What to do if you think your parent has dementia?
You may think your parent seems a little forgetful, or have difficulty remembering the right words for things, but are not sure if this means they really have a problem?
Your parent may think they are absolutely fine and their partner may be in denial or protecting them
This is a situation that many families find themselves in and are not sure what steps to take
The following piece gives some advice and guidance:
How to spot the signs of dementia
- Forgetting important dates or events
- Finding difficulty in basic tasks, such as following a recipe or keeping track of bills
- Forgetting the rules of a card game or how to get to a familiar location
- Losing track of the date and time, or where you are and how you got there
- Having trouble recalling words for specific objects
- Difficulty with spatial reasoning, such as parking or visual problems with following a newspaper article
- Misplacing things and inability to retrace steps
- Buying things you do not need
- Social withdrawal
- Changes in mood, such as confusion, depression, and anxiety
Is it worth getting advice?
Is it worth getting advice, or is it better to wait and see how your parent gets on for a while? Often families think there is no point doing anything about a parent with dementia in the early days, but this just isn’t true. The earlier a diagnosos is made, the earlier support can be put in place and the better the outcome is likely to be. They will most probably be able to stay at home longer, manage better and plan for the future.
- Persuade your parent to visit the GP.
- If they won’t go, go yourself and discuss your worries
- You can ask the GP to make a home visit to your parent
- Another option is to speak their their GP and ask them to call in your parent for a general check up and then they can also assess the dementia situation
Remember, the earlier the diagnosis, the earlier they can get medical and other support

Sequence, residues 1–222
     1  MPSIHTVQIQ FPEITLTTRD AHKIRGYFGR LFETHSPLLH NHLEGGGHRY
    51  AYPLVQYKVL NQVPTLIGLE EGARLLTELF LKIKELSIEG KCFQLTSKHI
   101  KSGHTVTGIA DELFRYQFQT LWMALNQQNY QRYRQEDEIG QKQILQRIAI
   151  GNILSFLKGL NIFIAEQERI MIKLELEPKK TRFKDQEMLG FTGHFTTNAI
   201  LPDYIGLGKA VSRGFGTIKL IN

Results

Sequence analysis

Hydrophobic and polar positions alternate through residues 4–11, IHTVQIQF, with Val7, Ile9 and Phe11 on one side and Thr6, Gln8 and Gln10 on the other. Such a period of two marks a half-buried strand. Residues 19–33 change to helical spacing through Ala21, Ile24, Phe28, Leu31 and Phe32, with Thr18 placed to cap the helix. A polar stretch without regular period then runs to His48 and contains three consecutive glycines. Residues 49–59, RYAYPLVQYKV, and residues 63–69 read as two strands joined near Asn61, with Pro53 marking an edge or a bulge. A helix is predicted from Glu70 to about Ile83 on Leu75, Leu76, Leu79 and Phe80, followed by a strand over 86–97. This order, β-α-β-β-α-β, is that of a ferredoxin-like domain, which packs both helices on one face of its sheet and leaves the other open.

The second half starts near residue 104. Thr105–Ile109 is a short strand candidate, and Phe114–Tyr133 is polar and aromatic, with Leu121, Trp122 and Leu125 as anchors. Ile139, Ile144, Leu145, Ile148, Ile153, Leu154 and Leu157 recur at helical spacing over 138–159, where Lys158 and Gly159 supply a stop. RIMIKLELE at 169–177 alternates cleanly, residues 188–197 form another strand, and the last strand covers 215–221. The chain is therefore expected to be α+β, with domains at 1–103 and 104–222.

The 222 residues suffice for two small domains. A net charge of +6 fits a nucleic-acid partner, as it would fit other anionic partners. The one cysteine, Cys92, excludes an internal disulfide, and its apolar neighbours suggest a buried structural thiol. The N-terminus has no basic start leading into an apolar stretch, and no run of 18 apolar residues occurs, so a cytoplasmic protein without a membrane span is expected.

Watch this video explaining dementia
What should you expect from the GP?
The GP should examine your parent and eliminate any specific medical causes. Dementia can be related to prescribed medicines, vitamin deficiencies and urinary infections
If these things are ruled out, you should expect a referral to Memory Services, a service provided by the Mental Health Trust. These will operate differently depending on the area you live in
You should bear in mind that some GPs are more responsive and more knowledgeable in this area than others, so you may need to push to get a referral.
What are the treatments available?
- Medical solutions. Sometimes dementia can be caused by thyroid problems or vitamin deficiencies.
- Alzheimer’s can be alleviated for a while with specific medication
- Drug trials are being undertaken all the time and the Memory Service or GP might refer your parent to one of these if they are interested
- Referral to specialist day-care activity facilities, which can be very important in the treatment of dementia
If your parent is given medication, this will be reviewed every six months. If they are given a care package, this will not necessarily be reviewed automatically and it will be up to you to request more help if the situation deteriorates. Make sure you investigate what other services might be available and ask for them as early as possible
It is important to assess the possible risks to dementia patients. These can include:
- Fire, where the Fire Brigade will do a risk assessment at home to install smoke alarms etc.
- Social care, to assess risks within the home
- Financial, to assess for Attendance Allowance for care and assessment for a possible reduction in council tax
- Driving, to assess the risk of being allowed to drive. Anyone diagnosed with dementia will be asked to inform the DVLA. The DVLA will usually grant a further year in the licence, but may ask for a medical form from the GP or Memory Services. If a driving licence is withdrawn, you can ask to be assessed again at a DVLA centre
What help is there for carers?
Caring for someone with dementia can be stressful, isolating, exhausting and time-intensive. There is help out there, however.
Support groups exist in all areas, run either by The Alzheimer’s Society or Age UK.
Carer services exist in all areas. Find the information you need in your area from you local authority directory or website, library, local memory services or social services
Government Strategies for Dementia
The strategy outlines three key steps to improve the quality of life for people with dementia and their carers.
- Better knowledge about dementia and removing the stigma that sadly still surrounds it. The challenge of removing common misconceptions is crucial. Dementia is not a natural consequence of ageing and it is not true that nothing can be done for people with the condition. In reality, a great deal can be done to help people overcome the problems of dementia, to prevent crises and to improve the quality of life of all involved
- Ensuring that people with dementia are properly diagnosed, ensuring appropriate information is given, alongside effective intervention at an early stage
- Develop a range of services for people with dementia and their carers which fully meets their changing needs over time
- See the GP
- Ask about memory services and care options